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Title: Modeling stream temperature in the Anthropocene: An earth system modeling approach

Abstract

A new large-scale stream temperature model has been developed within the Community Earth System Model (CESM) framework. The model is coupled with the Model for Scale Adaptive River Transport (MOSART) that represents river routing and a water management model (WM) that represents the effects of reservoir operations and water withdrawals on flow regulation. The coupled models allow the impacts of reservoir operations and withdrawals on stream temperature to be explicitly represented in a physically based and consistent way. The models have been applied to the Contiguous United States driven by observed meteorological forcing. It is shown that the model is capable of reproducing stream temperature spatiotemporal variation satisfactorily by comparison against the observed streamflow from over 320 USGS stations. Including water management in the models improves the agreement between the simulated and observed streamflow at a large number of stream gauge stations. Both climate and water management are found to have important influence on the spatiotemporal patterns of stream temperature. More interestingly, it is quantitatively estimated that reservoir operation could cool down stream temperature in the summer low-flow season (August – October) by as much as 1~2oC over many places, as water management generally mitigates low flow, which has importantmore » implications to aquatic ecosystems. In conclusion, sensitivity of the simulated stream temperature to input data and reservoir operation rules used in the WM model motivates future directions to address some limitations in the current modeling framework.« less

Authors:
 [1];  [1];  [1];  [1];  [1];  [2];  [1];  [1];  [3];  [1]
  1. Pacific Northwest National Lab. (PNNL), Richland, WA (United States)
  2. Univ. of Maryland, College Park, MD (United States)
  3. Univ. of Maryland, College Park, MD (United States); NASA Goddard Space Flight Center (GSFC), Greenbelt, MD (United States)
Publication Date:
Research Org.:
Pacific Northwest National Lab. (PNNL), Richland, WA (United States)
Sponsoring Org.:
USDOE
OSTI Identifier:
1243251
Report Number(s):
PNNL-SA-109347
Journal ID: ISSN 1942-2466; KP1703030
Grant/Contract Number:  
AC05-76RL01830
Resource Type:
Accepted Manuscript
Journal Name:
Journal of Advances in Modeling Earth Systems
Additional Journal Information:
Journal Volume: 7; Journal Issue: 4; Journal ID: ISSN 1942-2466
Publisher:
American Geophysical Union (AGU)
Country of Publication:
United States
Language:
English
Subject:
54 ENVIRONMENTAL SCIENCES; stream temperature; earth system model; water management

Citation Formats

Li, Hong -Yi, Leung, L. Ruby, Tesfa, Teklu, Voisin, Nathalie, Hejazi, Mohamad, Liu, Lu, Liu, Ying, Rice, Jennie, Wu, Huan, and Yang, Xiaofan. Modeling stream temperature in the Anthropocene: An earth system modeling approach. United States: N. p., 2015. Web. doi:10.1002/2015MS000471.
Li, Hong -Yi, Leung, L. Ruby, Tesfa, Teklu, Voisin, Nathalie, Hejazi, Mohamad, Liu, Lu, Liu, Ying, Rice, Jennie, Wu, Huan, & Yang, Xiaofan. Modeling stream temperature in the Anthropocene: An earth system modeling approach. United States. doi:10.1002/2015MS000471.
Li, Hong -Yi, Leung, L. Ruby, Tesfa, Teklu, Voisin, Nathalie, Hejazi, Mohamad, Liu, Lu, Liu, Ying, Rice, Jennie, Wu, Huan, and Yang, Xiaofan. Thu . "Modeling stream temperature in the Anthropocene: An earth system modeling approach". United States. doi:10.1002/2015MS000471. https://www.osti.gov/servlets/purl/1243251.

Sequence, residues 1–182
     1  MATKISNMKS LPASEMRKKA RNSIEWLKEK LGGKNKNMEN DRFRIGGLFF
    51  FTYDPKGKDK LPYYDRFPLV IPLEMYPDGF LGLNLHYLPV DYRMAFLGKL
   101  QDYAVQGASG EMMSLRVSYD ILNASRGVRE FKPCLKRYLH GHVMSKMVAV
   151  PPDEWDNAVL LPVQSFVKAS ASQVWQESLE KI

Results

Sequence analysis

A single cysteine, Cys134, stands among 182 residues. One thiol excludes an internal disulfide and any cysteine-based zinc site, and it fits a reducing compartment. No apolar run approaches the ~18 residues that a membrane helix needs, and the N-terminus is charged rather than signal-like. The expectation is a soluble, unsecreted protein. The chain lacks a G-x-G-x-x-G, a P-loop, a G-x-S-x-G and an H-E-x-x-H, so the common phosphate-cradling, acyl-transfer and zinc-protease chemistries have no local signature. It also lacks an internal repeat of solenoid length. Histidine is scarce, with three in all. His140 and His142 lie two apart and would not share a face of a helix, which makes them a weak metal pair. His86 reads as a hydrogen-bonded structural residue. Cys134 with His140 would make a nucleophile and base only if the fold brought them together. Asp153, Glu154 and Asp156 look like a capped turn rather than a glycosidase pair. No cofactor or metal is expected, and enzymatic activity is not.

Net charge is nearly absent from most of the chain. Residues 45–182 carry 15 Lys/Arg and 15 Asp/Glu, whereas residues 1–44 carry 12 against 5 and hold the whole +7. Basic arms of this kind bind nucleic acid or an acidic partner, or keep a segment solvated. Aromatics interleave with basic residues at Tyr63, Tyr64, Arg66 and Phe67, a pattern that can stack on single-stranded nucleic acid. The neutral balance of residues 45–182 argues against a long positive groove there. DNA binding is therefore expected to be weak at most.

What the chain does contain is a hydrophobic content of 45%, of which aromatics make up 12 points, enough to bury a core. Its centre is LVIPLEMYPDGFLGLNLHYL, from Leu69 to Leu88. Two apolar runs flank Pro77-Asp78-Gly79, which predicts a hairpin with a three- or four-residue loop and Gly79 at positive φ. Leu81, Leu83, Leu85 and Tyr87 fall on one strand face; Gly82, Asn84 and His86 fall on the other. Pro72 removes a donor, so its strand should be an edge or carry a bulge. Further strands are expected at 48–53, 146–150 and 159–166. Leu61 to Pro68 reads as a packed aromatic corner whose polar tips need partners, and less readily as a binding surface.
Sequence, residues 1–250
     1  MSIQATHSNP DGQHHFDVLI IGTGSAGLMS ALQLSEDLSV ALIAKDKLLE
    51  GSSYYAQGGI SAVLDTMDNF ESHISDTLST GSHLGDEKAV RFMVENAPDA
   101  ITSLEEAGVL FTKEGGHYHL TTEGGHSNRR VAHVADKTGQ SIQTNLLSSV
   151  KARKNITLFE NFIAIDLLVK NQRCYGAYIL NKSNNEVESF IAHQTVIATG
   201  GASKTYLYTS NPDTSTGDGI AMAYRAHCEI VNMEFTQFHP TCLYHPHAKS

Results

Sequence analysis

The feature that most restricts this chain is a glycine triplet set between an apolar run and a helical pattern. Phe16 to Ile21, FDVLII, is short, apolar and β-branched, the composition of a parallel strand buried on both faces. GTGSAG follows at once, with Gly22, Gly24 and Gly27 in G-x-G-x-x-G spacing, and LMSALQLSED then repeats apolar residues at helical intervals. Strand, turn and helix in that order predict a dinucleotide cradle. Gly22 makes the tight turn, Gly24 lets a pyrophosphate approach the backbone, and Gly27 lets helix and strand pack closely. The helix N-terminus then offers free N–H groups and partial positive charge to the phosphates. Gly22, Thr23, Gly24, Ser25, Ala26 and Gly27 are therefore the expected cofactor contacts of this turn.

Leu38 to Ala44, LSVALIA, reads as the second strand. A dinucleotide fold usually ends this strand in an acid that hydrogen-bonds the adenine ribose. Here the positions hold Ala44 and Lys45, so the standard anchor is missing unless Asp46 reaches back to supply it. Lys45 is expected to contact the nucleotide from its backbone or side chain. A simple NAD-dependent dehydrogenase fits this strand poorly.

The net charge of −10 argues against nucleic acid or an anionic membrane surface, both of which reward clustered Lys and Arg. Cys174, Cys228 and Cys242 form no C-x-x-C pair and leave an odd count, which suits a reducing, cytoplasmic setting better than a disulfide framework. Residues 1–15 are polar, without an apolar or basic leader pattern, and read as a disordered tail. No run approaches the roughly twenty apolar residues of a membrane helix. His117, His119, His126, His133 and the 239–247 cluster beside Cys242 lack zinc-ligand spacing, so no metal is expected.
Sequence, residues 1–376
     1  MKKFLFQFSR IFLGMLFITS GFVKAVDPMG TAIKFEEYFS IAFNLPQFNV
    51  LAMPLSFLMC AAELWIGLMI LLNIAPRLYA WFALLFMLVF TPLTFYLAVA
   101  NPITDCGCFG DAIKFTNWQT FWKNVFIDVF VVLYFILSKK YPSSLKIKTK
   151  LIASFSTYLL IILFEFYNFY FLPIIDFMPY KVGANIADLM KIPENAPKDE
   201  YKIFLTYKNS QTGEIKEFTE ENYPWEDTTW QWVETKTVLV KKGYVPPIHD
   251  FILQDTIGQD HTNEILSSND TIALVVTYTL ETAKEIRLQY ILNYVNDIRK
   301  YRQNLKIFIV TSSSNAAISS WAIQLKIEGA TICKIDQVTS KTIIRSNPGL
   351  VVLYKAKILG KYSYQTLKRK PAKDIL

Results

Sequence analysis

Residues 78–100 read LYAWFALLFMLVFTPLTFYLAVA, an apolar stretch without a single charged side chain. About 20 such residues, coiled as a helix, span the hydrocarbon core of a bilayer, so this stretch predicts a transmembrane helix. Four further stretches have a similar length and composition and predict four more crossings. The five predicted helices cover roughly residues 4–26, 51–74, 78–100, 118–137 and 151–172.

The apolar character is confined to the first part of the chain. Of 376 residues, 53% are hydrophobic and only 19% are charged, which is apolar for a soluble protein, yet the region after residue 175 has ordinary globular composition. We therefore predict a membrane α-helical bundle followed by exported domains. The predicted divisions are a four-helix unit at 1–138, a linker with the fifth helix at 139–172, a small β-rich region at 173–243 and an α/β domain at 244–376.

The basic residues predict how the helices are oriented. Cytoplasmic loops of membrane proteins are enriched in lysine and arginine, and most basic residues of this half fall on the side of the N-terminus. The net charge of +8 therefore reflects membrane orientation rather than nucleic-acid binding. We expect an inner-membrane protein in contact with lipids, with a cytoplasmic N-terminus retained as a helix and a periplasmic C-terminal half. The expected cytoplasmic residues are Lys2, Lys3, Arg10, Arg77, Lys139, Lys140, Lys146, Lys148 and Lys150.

@article{osti_1243251,
title = {Modeling stream temperature in the Anthropocene: An earth system modeling approach},
author = {Li, Hong -Yi and Leung, L. Ruby and Tesfa, Teklu and Voisin, Nathalie and Hejazi, Mohamad and Liu, Lu and Liu, Ying and Rice, Jennie and Wu, Huan and Yang, Xiaofan},
abstractNote = {A new large-scale stream temperature model has been developed within the Community Earth System Model (CESM) framework. The model is coupled with the Model for Scale Adaptive River Transport (MOSART) that represents river routing and a water management model (WM) that represents the effects of reservoir operations and water withdrawals on flow regulation. The coupled models allow the impacts of reservoir operations and withdrawals on stream temperature to be explicitly represented in a physically based and consistent way. The models have been applied to the Contiguous United States driven by observed meteorological forcing. It is shown that the model is capable of reproducing stream temperature spatiotemporal variation satisfactorily by comparison against the observed streamflow from over 320 USGS stations. Including water management in the models improves the agreement between the simulated and observed streamflow at a large number of stream gauge stations. Both climate and water management are found to have important influence on the spatiotemporal patterns of stream temperature. More interestingly, it is quantitatively estimated that reservoir operation could cool down stream temperature in the summer low-flow season (August – October) by as much as 1~2oC over many places, as water management generally mitigates low flow, which has important implications to aquatic ecosystems. In conclusion, sensitivity of the simulated stream temperature to input data and reservoir operation rules used in the WM model motivates future directions to address some limitations in the current modeling framework.},
doi = {10.1002/2015MS000471},
journal = {Journal of Advances in Modeling Earth Systems},
number = 4,
volume = 7,
place = {United States},
year = {2015},
month = {10}
}

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